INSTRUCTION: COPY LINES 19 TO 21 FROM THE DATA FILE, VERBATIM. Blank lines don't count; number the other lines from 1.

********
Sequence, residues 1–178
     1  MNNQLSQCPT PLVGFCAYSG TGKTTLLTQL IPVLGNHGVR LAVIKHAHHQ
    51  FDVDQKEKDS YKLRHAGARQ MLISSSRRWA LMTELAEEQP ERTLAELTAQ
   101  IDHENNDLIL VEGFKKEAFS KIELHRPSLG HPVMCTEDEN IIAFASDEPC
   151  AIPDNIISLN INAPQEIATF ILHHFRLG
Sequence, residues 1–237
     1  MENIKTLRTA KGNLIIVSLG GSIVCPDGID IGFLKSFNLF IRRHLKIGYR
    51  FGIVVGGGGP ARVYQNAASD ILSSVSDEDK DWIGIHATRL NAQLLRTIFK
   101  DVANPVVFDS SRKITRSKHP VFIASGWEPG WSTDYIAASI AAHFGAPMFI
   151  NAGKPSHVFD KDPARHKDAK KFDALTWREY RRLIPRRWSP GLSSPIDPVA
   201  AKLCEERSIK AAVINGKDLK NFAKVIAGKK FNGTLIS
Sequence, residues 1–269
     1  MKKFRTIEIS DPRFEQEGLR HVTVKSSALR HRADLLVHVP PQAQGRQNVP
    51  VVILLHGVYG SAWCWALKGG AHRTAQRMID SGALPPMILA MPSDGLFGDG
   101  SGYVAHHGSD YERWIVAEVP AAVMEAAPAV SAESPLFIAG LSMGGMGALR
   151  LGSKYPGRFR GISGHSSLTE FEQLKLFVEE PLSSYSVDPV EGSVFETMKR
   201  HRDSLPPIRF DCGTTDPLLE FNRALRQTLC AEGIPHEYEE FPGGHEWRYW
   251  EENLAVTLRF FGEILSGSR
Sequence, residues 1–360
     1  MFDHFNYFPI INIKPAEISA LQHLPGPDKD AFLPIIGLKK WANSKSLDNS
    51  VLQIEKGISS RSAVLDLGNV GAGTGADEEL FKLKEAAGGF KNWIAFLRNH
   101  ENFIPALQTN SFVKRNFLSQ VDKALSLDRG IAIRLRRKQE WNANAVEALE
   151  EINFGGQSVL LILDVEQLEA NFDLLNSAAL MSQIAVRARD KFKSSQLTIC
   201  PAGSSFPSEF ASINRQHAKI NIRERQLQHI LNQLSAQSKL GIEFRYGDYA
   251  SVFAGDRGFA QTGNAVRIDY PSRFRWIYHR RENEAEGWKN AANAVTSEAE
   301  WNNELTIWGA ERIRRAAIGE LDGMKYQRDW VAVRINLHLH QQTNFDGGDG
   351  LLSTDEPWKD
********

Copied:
Sequence, residues 1–360
     1  MFDHFNYFPI INIKPAEISA LQHLPGPDKD AFLPIIGLKK WANSKSLDNS
    51  VLQIEKGISS RSAVLDLGNV GAGTGADEEL FKLKEAAGGF KNWIAFLRNH